Even though gladiators were officially scum of the earth, they often had female fans willing to swoon all over them. Or under them. Not just shady professional ladies or plebeian chicks, either, but women of exalted rank. Some of them hung around the barracks where the gladiators were billeted; a few even played make-believe viragos, practicing with the wooden swords that the fighters employed in training.
Other groupies expressed their feelings by posting impudent notes on walls, in public baths, and elsewhere. At Pompeii, Capua, and Ostia, graffiti such as these have been found: “Celadon the Thracian, three times victor and three times crowned, who makes the girls sigh,” and “Thrax is the heartthrob of all the girls.”
To get closer to the subject matter, matrons in higher tax brackets sometimes hired off-duty gladiators as muscle. As Philip Matyszak, author of The Gladiator Manual, notes with a twinkle, “Many a wealthy lady who hires gladiator bodyguards for the night does so in expectation of her body being guarded very closely indeed.”
Gladiators were first used in Etruscan times as warriors at the funeral games for bigshots. They came to form a professional cadre in centuries to come, and by the third century A.D. there were more than 230 permanent gladiatorial arenas around the Roman Empire, from Britain and Spain to Albania and Tunisia. Like champion boxers, gladiators didn’t fight that often; that kept the excitement level of the fans high, and the entry fees as well.
On the other hand, patrician sponsors of the games competed insanely, each trying to outdo the other in terms of flash and cash spent on the gladiatorial spectacles. Emperor Marcus Aurelius wasn’t a fan himself, and he passed legislation that restricted the amount anyone could spend on the games. A philosopher and writer in his spare time, Marcus was one of the most decent and hardworking emperors to ever don a diadem.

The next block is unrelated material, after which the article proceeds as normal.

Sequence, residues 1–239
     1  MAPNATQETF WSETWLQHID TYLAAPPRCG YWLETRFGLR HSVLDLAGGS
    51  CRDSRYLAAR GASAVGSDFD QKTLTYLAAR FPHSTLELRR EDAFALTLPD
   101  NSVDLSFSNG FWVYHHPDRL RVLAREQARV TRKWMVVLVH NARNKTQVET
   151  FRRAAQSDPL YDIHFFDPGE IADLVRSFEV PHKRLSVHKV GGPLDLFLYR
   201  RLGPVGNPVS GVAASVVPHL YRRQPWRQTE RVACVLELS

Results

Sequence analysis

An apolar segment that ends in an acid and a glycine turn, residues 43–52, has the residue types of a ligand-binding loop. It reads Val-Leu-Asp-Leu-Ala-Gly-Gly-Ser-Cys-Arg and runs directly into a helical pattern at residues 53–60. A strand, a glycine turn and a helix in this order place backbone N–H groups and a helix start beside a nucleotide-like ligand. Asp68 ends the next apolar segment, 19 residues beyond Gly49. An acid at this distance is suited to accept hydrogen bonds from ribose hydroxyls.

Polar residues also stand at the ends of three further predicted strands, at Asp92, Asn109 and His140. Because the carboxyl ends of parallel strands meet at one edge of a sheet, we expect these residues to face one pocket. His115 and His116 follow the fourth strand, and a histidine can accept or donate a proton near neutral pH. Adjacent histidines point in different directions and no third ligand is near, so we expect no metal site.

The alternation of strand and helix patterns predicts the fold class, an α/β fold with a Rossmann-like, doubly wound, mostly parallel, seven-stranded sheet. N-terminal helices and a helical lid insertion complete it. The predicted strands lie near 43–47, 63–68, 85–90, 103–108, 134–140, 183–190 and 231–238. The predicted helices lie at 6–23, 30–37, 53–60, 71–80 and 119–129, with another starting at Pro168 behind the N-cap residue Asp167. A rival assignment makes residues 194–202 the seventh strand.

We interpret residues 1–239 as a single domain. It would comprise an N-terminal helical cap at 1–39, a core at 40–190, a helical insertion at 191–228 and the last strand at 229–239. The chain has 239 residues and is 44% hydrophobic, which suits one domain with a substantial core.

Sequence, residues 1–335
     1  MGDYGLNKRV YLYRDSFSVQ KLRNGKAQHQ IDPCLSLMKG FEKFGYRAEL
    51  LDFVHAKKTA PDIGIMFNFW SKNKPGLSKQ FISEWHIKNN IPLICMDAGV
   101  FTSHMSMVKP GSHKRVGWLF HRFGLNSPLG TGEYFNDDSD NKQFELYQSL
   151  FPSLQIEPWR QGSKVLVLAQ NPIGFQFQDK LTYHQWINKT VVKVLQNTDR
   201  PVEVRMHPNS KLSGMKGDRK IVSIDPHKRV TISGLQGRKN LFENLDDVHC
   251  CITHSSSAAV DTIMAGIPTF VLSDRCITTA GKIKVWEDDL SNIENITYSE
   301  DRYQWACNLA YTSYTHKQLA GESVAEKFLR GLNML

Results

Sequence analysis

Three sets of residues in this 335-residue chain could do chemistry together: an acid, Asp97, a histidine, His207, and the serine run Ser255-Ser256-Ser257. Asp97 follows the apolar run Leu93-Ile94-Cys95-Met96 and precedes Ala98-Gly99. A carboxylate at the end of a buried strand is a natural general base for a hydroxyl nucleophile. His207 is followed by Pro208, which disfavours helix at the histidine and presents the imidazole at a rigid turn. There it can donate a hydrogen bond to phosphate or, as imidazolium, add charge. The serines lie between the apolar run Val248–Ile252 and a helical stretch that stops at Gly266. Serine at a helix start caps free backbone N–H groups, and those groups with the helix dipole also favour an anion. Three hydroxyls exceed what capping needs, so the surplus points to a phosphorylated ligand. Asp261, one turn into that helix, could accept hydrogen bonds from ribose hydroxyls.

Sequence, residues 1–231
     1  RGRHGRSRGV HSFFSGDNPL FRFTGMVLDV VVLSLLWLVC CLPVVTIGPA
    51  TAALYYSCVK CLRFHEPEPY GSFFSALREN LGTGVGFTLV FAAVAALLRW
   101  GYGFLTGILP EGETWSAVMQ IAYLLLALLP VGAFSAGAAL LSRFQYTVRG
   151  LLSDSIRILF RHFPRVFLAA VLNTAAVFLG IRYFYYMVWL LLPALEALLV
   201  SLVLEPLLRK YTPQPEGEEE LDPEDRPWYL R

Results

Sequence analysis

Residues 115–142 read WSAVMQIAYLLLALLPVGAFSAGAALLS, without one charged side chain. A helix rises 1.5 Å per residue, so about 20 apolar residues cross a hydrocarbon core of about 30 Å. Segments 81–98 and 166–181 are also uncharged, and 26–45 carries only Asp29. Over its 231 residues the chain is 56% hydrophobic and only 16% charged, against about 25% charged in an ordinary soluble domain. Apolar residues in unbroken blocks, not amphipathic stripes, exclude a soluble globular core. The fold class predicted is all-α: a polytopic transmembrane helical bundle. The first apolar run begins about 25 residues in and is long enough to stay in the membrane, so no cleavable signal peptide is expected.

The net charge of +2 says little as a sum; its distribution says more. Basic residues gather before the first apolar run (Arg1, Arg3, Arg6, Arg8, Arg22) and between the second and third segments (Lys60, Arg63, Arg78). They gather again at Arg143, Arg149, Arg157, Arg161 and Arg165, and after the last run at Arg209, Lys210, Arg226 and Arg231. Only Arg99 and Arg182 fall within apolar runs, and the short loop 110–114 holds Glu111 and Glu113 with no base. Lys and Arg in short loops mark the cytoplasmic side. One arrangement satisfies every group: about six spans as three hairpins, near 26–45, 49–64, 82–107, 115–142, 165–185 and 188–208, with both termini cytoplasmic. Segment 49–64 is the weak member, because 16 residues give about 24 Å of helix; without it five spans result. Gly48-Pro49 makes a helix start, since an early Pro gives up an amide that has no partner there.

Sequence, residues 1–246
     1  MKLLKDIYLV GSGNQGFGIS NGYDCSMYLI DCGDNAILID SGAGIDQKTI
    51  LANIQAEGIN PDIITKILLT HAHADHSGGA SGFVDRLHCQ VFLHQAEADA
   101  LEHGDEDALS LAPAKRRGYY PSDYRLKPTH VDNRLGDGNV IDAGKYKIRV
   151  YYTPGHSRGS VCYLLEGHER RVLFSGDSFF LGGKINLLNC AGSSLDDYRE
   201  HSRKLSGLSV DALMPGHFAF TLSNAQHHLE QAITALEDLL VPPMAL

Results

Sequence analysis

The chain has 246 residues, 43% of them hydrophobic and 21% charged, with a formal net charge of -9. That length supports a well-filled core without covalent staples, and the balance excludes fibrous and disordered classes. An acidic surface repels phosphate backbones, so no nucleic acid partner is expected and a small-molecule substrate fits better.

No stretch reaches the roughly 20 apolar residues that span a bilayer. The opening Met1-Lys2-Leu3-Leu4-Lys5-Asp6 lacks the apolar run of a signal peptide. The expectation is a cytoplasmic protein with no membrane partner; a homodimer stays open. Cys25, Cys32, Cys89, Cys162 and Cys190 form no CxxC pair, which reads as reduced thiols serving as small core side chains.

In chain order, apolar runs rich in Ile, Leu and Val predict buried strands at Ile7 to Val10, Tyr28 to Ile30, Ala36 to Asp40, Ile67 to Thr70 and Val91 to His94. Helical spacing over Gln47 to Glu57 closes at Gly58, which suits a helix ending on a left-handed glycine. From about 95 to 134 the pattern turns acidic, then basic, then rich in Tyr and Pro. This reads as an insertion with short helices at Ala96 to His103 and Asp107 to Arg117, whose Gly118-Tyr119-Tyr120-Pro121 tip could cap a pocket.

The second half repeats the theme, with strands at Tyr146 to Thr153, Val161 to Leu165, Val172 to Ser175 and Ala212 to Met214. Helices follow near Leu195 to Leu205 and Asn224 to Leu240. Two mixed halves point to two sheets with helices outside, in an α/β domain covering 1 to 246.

He loved his wife Faustina, perhaps to excess. Within a twenty-three-year period, she gave birth to fourteen children, including twins Antoninus and Commodus in A.D. 161.
According to accounts from authors Herodian and Dio Cassius, Faustina may not have returned Marcus’s devotion in equal measure. While watching gladiators on parade, Faustina got hit by Cupid’s arrow, becoming inflamed with passion for one of the burly fighters. This inappropriate love gnawed at her until she became ill. Finally, she confessed to Marcus; a calm and thoughtful guy, he refrained from strangling her and instead consulted Chaldean soothsayers for their advice. They suggested that his wife have sex with the gladiator in question, who should then be killed while still on top of her. She should then take an immediate bath in gladiator blood, tidy up a bit, and follow that with lovemaking to her husband Marcus. She and Marcus allegedly followed that routine, and it seemed to cool her passion—or so the story goes.
According to some sources, Empress Faustina got the hots for a gladiator. Instead of homicide, her understanding husband kept her busy, bearing fourteen imperial children.
The Scriptores Historiae Augustae, called an unreliable source by modern historians, also claims that Faustina regularly had gladiator paramours, and that son Commodus was the result of her adultery.
That boy, the sole surviving child of the fourteen she gave birth to, did grow into a monster. Commodus became emperor in A.D. 180 and for twelve years actually outdid Nero and Caligula in terms of shameful behavior, cruelty, and just plain weirdness—even by Roman imperial standards.
Although during his tenure the Roman army fought and won battles hither and yon, Commodus was never present on the battlefield. Instead, he served as the star in the lavish triumphs that were held after each victory. Dismissing imperial dignity and Roman gravitas as things of the past, Commodus enlivened the proceedings by bringing along his latest boy-toy in his parade chariot, kissing him ardently from time to time.